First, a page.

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David Louis Newman
March 11, 1954
Los Angeles, California, U.S.
|Occupation||Composer, orchestrator, conductor|
|Relatives||Alfred Newman (father)|
Lionel Newman (uncle)
Emil Newman (uncle)
Thomas Newman (brother)
Maria Newman (sister)
Randy Newman (cousin)
Joey Newman (cousin)
Lucy Newman (sister)
David Louis Newman (born March 11, 1954) is an American composer and conductor known particularly for his film scores. In a career spanning more than thirty years, he has composed music for nearly 100 feature films. He received an Academy Award nomination for writing the score to the 1997 film Anastasia, contributing to the Newmans being the most nominated Academy Award extended family, with a collective 92 nominations in various music categories.
Life and career
David Louis Newman was born on March 11, 1954, in Los Angeles, California, the son of Mississippi-born Martha Louis (née Montgomery) and Hollywood composer Alfred Newman. His paternal grandparents were Russian-Jewish immigrants. He is the brother of Thomas Newman, Maria Newman and the cousin of Randy Newman, all of whom are also composers. He is also the nephew of composers Lionel Newman and Emil Newman, and first cousin, once removed, of musician Joey Newman. An accomplished violinist, and successful concert conductor, Newman was educated at the University of Southern California. From late 70s till early 80s he played violin on most of John Williams' L.A. scoring sessions, and credits him for learning much about film-music composition.
His first film work was on Tim Burton's short film Frankenweenie in 1984. In 1987, he scored Danny DeVito's Throw Momma from the Train. This was his first collaboration with DeVito, and he went on to score nearly all of his subsequent films, including The War of the Roses (1989), Other People's Money (1991), Hoffa (1992), Matilda (1996) and Death to Smoochy (2002). Newman has also scored the comedies The Flintstones (1994), The Mighty Ducks (1992), The Nutty Professor (1996), and Bill & Ted's Excellent Adventure (1989).
Newman's credits during the early years of his career were mostly scoring B-movies such as The Runestone (1990) and The Kindred (1987) before he gradually transitioned to score mostly comedy films during his prime such as Bowfinger (1999), The Freshman (1990), and The Spy Next Door (2010). His score for The Spirit (2008) was a tribute to Mancini's 1950s and 60s neo-noir scores such as Touch of Evil (1958) or Experiment in Terror (1962).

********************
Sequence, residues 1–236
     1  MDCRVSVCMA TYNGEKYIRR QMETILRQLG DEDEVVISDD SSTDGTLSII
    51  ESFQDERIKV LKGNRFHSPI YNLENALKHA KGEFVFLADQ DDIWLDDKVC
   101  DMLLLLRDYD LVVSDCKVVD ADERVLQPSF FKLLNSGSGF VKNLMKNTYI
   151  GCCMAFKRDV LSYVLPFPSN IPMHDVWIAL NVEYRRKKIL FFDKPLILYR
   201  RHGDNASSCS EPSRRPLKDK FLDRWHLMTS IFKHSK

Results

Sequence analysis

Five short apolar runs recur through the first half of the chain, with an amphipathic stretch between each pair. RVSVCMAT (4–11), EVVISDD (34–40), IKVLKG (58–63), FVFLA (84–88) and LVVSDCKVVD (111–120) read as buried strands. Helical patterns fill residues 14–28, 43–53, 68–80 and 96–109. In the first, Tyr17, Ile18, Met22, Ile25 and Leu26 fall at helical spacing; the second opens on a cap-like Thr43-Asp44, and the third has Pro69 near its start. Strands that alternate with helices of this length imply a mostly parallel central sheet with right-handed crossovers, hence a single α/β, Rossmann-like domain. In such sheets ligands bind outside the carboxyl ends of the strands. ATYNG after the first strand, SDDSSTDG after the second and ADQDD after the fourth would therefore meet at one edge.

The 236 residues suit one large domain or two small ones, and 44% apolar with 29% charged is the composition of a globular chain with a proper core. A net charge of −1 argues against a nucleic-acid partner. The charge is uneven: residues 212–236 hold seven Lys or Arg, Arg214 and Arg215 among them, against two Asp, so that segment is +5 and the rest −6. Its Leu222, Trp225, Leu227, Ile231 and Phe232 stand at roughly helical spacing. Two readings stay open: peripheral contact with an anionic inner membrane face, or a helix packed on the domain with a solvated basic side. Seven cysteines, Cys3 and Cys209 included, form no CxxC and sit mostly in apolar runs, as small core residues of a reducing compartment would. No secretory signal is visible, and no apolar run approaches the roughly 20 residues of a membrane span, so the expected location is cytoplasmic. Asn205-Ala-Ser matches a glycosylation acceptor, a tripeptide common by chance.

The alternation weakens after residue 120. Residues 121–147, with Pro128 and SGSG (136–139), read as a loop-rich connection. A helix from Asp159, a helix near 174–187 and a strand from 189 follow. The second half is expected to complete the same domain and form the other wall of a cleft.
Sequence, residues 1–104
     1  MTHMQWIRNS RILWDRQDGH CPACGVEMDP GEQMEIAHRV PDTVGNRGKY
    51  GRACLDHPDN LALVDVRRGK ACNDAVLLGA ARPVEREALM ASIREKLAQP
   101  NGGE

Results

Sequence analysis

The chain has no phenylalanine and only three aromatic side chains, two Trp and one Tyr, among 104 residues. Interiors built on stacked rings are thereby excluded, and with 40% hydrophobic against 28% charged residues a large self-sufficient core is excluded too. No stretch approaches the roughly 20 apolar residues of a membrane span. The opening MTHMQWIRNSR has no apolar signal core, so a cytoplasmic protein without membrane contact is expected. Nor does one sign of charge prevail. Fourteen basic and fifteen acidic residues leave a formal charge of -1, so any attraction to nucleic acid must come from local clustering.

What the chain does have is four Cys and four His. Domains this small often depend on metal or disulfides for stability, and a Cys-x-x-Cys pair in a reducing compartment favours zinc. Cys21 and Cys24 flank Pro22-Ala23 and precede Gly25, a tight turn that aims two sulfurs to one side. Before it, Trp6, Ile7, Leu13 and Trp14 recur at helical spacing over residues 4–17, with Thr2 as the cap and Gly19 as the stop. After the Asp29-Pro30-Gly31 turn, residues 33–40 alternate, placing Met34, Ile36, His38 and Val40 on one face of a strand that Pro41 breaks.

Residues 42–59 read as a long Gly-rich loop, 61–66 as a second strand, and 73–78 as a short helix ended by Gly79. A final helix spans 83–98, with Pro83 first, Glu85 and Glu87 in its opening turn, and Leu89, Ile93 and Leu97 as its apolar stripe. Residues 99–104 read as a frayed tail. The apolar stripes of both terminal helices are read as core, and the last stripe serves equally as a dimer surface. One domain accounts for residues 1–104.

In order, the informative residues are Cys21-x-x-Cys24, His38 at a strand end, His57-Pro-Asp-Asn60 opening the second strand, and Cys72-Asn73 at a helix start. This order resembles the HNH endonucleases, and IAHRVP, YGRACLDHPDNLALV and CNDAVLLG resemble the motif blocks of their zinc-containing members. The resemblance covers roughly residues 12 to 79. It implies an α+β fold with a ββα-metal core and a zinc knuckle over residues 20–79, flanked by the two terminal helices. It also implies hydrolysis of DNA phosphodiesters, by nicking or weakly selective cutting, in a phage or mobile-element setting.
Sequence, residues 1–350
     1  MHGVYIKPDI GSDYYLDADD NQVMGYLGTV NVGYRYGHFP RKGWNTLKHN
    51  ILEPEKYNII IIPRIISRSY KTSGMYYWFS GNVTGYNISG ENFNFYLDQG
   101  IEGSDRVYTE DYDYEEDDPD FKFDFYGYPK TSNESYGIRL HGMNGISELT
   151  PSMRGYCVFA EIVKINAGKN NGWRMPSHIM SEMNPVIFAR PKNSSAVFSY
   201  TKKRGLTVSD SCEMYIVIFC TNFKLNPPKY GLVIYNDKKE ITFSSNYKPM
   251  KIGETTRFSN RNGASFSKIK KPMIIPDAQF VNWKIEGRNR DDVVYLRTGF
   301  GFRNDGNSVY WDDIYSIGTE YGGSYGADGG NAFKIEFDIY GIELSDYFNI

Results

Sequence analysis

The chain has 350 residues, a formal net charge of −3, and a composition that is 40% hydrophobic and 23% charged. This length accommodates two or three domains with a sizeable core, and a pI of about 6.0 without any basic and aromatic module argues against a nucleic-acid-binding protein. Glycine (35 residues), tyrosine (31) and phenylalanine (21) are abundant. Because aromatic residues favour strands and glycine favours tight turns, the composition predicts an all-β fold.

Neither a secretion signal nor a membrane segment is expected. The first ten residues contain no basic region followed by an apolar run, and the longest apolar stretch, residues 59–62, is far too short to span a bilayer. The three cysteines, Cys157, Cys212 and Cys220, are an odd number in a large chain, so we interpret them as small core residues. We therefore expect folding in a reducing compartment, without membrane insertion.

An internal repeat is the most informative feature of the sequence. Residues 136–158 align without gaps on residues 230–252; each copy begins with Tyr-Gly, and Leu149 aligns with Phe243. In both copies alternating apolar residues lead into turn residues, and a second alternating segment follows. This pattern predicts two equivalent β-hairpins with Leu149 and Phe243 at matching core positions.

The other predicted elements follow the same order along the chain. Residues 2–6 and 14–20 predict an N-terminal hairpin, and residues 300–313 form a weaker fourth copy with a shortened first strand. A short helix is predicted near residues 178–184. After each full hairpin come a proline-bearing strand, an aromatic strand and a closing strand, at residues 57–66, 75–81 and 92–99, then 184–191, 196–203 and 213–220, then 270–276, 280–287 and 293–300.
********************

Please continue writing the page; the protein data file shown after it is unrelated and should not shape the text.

He received an Academy Award nomination for the score to the animated Don Bluth film Anastasia (1997), following his father, who scored the 1956 live-action version. However, he lost to Anne Dudley for The Full Monty. His other scores include Critters, The Phantom, The Brave Little Toaster, Malone, Ice Age, and Serenity, among others.
In 1997, Newman began a four-year stint as the music director for the Sundance Institute, and he has conducted the Los Angeles Philharmonic orchestra on several occasions. That year, he also re-recorded the 20th Century Fox Fanfare that was originally composed by his father Alfred, which debuted in the aforementioned Anastasia and is still being used permanently.
On May 21, 2009, Newman was honored with the Richard Kirk award at the annual BMI Film & Television Awards. The prestigious award is given annually to a composer who has made significant contributions to film and television music.
|2020||Pets United||Reinhard Klooss||Netflix|
|2021||West Side Story||Steven Spielberg||20th Century Studios
|Newman's first collaboration with Steven Spielberg. |
Original themes and songs by Leonard Bernstein
Fifth Spielberg film without his long-time collaborator, John Williams, since Twilight Zone: The Movie (1983), The Color Purple (1985), Bridge of Spies (2015) and Ready Player One (2018).
- MacDonald, Laurence E. The Invisible Art of Film Music: A Comprehensive History, Scarecrow Press (2013)
- Maurizio Caschetto, audio file interview with David Newman, April-May 2019, Legacy Conversations, available: www.thelegacyofjohnwilliams.com
- "David Newman Elected President of The Film Music Society". The Film Music Society. 22 February 2007. Retrieved 4 August 2019.
- "BMI Film & Television Awards Tout Composers of Year's Top Film, Television, & Cable Music". bmi.com. 21 May 2009. Retrieved 20 October 2010.
- "Board of Directors". American Youth Symphony. Retrieved 4 August 2019.